The recent stock market rally from the March 9 low has provided investors with a promise that things may get better in the economy, markets and exchange traded funds (ETFs). However, there’s still a lot of grim economic news that could lead to a long basing period.

Quite often when stocks settle into a basing environment, they are taking a pause and perhaps preparing for a sustained rebound somewhere down the road. Many traders now appear to be buying stocks in anticipation of a recovery at least four to six months from now.

In a basing period, stocks are in a long-term trading range, which might be narrow or somewhat wide, and this usually occurs after a major correction. During these periods, rallies off the bottom tend to be quick and short-lived. As stocks spike, they reach a level of resistance that they cannot break through. Then they decline again, testing their previous lows.

The trading range of the basing period typically is a function of the magnitude of the prior correction. Palash R. Ghosh for Dow Jones Newswires spoke to us about the basing period.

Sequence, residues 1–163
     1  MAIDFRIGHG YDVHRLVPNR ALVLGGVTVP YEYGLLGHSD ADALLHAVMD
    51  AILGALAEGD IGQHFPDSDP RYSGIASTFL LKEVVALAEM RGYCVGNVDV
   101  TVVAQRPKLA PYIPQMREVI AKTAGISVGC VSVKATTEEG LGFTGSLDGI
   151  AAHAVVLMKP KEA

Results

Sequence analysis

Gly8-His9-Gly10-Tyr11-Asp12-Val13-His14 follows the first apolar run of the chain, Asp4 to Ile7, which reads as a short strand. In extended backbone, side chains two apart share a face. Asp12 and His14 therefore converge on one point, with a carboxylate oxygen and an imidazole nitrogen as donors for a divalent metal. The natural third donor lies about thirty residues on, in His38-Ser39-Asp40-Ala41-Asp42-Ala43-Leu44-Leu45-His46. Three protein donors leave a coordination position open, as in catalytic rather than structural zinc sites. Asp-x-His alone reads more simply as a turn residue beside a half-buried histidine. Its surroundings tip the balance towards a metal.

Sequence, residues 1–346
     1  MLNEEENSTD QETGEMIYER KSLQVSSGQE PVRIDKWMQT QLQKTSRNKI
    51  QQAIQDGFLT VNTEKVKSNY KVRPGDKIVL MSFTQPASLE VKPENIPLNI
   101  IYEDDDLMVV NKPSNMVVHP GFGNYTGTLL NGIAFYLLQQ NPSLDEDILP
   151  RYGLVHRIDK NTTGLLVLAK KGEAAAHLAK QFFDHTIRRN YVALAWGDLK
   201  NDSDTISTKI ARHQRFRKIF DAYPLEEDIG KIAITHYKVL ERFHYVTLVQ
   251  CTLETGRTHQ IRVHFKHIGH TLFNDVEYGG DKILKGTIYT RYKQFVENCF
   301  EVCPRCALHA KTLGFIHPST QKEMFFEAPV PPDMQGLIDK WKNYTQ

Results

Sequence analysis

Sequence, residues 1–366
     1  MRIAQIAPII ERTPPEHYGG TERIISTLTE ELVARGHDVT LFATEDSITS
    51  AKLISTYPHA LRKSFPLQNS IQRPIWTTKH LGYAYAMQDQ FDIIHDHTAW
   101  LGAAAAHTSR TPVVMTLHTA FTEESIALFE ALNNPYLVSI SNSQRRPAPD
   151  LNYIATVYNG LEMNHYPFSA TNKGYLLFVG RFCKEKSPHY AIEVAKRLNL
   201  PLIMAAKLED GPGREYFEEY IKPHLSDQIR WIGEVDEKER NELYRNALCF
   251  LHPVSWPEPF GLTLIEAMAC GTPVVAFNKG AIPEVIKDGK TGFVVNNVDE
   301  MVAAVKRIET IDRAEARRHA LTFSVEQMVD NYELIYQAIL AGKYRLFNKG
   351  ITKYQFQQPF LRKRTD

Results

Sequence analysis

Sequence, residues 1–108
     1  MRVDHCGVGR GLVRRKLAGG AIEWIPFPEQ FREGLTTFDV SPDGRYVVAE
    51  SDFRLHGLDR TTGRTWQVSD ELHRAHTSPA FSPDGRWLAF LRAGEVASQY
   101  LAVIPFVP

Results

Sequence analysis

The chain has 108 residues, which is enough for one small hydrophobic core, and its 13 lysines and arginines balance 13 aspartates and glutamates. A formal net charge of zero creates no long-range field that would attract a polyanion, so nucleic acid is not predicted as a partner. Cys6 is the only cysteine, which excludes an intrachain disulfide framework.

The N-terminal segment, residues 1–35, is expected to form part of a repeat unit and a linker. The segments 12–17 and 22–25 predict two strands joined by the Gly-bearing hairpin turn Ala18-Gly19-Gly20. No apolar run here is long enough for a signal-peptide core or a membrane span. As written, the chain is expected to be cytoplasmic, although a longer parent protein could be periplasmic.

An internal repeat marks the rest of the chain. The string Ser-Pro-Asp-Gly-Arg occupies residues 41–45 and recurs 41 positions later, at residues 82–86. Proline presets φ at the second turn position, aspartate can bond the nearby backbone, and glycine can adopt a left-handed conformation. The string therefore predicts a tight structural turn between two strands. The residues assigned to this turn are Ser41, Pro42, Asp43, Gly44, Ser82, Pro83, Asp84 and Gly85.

We saw a decline of 50%-55% in the recent bear market decline. The rebound we just witnessed was about 20%-25% off the bottom, which represents a pretty tepid recovery.

Disappointing first quarter earnings – which many expect – could help the current rally peter out, leading the market to test new lows. On the bright side, equities will likely remain above those lows, buoyed by confidence in the government’s stimulus packages and expectations of an economic recovery later in 2009 or early 2010.

A basing period helps the market build up resistance. Even if we get worse news on the economic or earnings fronts, stocks may have the resilience to keep above recent lows because a firm bottom has already been established.

Thus, setting a base can be a welcome development. It can mean stability, even if fundamentals are not that encouraging, reflecting the fact that the market is taking things in stride with the anticipation of positive economic/market news several months down the road.

The opinions and forecasts expressed herein are solely those of Tom Lydon, and may not actually come to pass. Information on this site should not be used or construed as an offer to sell, a solicitation of an offer to buy, or a recommendation for any product.